Mother and Daughter Duo Create Non-Profit, Education Empowers, to Bring STEM awareness to Children

Every Saturday evening, you’ll find a group of students huddled around robots at the Chandler YMCA. During the week, other groups gather at East Valley Boys and Girls Clubs. They look like they are playing some kind of a game – going back and forth between a laptop displaying a flow chart and a small robot on wheels. They are actually learning robotics and programming.

Education Empowers, Inc., a local non-profit, partners with organizations like the Intel Foundation, the James Unruh Family Foundation, the Lego Foundation and ASU, to bring a community of volunteers together to support STEM and robotics education to children across the East Valley. The students they work with are from broad ethnic backgrounds and half are girls.

One of the role models for these students is Elaina Ashton – a junior at Arizona College Prep – Erie Campus. Elaina is a board member of Education Empowers and, at the recent kickoff of this season’s First Lego League, she led a training session so the parents and coaches could ensure they knew as much as the students.

Elaina and her mom, Anna Prakash-Ashton, are both founding members of Education Empowers. They, along with a volunteer team of coaches, mentors and parents use Lego robots and software to teach Valley students the importance of a STEM education.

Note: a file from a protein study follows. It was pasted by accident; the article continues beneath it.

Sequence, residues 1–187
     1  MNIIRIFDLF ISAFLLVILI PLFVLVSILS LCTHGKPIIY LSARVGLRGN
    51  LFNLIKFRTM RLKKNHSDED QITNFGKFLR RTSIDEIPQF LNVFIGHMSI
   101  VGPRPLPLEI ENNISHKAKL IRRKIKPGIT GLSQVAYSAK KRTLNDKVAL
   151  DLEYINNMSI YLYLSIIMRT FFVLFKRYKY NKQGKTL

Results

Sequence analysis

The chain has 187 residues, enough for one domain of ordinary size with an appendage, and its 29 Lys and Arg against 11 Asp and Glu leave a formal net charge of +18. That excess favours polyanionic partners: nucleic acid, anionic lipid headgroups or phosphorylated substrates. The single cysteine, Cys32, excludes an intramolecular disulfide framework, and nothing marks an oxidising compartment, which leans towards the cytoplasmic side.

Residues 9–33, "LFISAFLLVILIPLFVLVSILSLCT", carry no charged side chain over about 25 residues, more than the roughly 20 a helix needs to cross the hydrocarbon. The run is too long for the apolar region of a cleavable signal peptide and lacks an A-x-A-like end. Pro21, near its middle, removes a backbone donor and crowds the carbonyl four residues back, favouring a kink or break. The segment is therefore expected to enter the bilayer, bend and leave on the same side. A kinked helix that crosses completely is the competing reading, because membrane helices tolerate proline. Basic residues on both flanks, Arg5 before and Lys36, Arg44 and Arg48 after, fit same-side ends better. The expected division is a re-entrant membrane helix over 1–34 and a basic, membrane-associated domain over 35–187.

The First Lego League is kicking off its 30th season and organizations like Education Empowers and people like Anna and Elaina are getting busy getting ready. First LEGO League teams research a real-world problem such as food safety, recycling, energy, etc., and are challenged to develop a solution. They also must design, build, and program a robot using LEGO Mindstorms, then compete on a table-top playing field.

With this season’s mission – Into Orbit! – students will explore, challenge and innovate in space. In addition to programming the LEGO Mindstorms robot, students consider solutions and problems to the challenges facing humanity today and present their findings and recommendations.

Are you interested in learning more about how to get involved as a student, parent or educator? Remember, starting students early is important. Say’s Anna Prakash-Ashton, “We have to introduce children to STEM concepts at a very early age. Once we get them engaged, it’s easier for them to transition into engineering jobs. If you look at Arizona STEM reports, in the next five years half a million jobs in Arizona come up that need STEM skill sets.”

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